Johnson put black magazines on map

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John H. Johnson, the country's most influential black publisher and the founder of Ebony and Jet magazines, died last week. He was 87.

Edward Lewis, chairman and founder at Essence Communications, called Mr. Johnson a "giant" as well as an inspiration where there had been none before. "He started Ebony in 1945 with no other magazines that he could even look to for guidance," he said. "He was just determined to bring out a magazine that was going to celebrate African-American men and women and, by God, he did."

As publisher and chairman of Johnson Publishing, Mr. Johnson received the Presidential Medal of Freedom, was inducted into the Advertising Hall of Fame and the National Business Hall of Fame, and was given the 1972 Henry Johnson Fisher Award from the Magazine Publishers of America.

But the accomplishments he would achieve couldn't have been foreseen as Mr. Johnson grew up in poverty in Arkansas City, Ark., where he was born in 1918. After using his mother's furniture as collateral on a $500 loan, he began to build a publishing and cosmetics empire, Johnson Products.


He started Ebony in 1945, partly to provide a vehicle for portraits of African-Americans as people rather than stereotypes. Because no black magazines existed, his chief model was Time Inc.'s Life. Mr. Johnson struggled to convince advertisers that there was a profit opportunity in reaching African-American audiences.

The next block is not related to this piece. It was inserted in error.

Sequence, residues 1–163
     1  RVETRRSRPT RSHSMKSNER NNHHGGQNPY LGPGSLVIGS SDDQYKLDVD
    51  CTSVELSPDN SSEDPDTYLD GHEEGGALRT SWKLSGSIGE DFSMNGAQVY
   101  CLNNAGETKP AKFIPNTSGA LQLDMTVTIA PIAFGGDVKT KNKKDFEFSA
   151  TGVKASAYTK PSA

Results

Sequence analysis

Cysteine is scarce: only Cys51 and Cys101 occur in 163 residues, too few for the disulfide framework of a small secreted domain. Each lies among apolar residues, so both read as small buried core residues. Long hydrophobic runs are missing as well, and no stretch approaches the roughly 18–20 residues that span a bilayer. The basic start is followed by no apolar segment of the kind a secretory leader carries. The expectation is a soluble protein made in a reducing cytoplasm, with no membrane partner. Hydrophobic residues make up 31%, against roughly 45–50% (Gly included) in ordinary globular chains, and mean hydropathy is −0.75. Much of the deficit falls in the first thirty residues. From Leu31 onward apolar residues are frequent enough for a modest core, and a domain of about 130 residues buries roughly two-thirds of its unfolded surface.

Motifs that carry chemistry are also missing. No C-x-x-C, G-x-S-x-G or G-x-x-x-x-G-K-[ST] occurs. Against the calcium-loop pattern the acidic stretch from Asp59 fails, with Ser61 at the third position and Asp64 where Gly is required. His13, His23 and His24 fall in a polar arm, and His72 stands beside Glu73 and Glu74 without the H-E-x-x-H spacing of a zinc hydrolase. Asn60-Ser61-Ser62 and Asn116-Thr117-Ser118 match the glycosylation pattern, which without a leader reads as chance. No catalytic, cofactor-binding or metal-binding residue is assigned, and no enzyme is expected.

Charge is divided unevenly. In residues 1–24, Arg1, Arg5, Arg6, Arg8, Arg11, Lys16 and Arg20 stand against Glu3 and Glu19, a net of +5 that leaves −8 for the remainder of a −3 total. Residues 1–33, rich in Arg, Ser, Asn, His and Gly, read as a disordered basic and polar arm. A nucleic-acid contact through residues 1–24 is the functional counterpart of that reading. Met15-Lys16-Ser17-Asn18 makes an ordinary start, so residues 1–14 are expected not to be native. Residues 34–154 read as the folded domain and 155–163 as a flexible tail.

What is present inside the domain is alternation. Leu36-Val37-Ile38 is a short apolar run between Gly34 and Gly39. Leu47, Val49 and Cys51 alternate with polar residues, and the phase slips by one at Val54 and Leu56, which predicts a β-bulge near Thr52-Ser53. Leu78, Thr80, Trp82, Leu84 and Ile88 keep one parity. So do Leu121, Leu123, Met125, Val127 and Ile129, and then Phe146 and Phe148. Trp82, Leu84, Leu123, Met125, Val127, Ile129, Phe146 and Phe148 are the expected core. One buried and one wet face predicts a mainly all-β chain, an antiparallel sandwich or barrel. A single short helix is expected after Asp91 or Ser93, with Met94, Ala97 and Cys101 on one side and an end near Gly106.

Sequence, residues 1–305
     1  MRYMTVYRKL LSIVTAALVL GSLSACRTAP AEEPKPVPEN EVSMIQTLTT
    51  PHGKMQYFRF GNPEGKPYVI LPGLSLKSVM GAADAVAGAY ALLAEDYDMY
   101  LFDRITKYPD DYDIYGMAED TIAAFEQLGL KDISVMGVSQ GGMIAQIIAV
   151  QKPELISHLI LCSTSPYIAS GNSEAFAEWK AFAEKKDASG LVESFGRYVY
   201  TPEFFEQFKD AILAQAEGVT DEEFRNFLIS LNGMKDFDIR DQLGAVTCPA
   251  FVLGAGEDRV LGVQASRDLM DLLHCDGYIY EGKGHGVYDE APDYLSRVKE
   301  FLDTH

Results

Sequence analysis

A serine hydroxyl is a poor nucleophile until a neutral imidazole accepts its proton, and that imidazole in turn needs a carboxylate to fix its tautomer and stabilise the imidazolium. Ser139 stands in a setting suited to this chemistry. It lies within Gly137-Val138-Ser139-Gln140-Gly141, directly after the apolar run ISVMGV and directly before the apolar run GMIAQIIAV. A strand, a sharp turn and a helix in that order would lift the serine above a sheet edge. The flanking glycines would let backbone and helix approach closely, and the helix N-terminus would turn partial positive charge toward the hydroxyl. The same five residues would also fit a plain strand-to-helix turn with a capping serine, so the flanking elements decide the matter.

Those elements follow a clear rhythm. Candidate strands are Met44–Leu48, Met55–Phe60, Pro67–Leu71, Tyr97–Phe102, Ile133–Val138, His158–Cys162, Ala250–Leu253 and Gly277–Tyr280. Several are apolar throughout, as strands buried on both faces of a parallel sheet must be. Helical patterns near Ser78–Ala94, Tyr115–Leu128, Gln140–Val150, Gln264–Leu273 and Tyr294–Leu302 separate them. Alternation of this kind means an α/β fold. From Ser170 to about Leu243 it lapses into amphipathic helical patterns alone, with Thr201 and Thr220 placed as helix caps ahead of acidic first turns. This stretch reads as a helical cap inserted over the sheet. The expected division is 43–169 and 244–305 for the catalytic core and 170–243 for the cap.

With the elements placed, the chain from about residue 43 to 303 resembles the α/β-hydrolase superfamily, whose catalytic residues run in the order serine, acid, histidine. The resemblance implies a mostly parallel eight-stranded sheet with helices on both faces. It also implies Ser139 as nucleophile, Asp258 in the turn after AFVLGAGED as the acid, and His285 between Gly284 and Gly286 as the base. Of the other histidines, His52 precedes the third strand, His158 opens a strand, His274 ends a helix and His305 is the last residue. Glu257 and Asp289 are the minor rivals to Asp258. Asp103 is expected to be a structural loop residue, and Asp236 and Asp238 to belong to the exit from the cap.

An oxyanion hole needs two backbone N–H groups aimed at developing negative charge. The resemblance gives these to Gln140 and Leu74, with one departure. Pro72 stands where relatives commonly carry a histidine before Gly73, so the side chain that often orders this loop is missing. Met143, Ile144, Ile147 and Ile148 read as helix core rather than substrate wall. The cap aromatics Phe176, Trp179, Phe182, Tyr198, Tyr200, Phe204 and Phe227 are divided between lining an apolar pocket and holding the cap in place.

Now that market is mature, if not everything it could be. The most recent issue of Jet, which Mr. Johnson founded in 1951, includes ads for mass-market brands such as State Farm, Palmolive, Tide, Crest, McDonald's, Liquid-Plumr, Wal-Mart, Toyota, and Seagram's.

Mr. Lewis, Mr. Johnson and Earl Graves, the founder and publisher of Black Enterprise, used to get together to make presentations to big advertisers.

"Even with the success of Ebony, there was still the question mark of the viability of the black media and the black market," Mr. Lewis said. (Mr. Johnson invested in Essence Communications in 1985, then sold his shares after Time Inc. bought the company this March.)

Howard Dean, chairman of the Democratic National Committee, said in a statement last week: "For generations, his publications have been engines of social change, helping promote and record African-American culture and providing important outlets for a community that for too long was neglected by the mainstream media."

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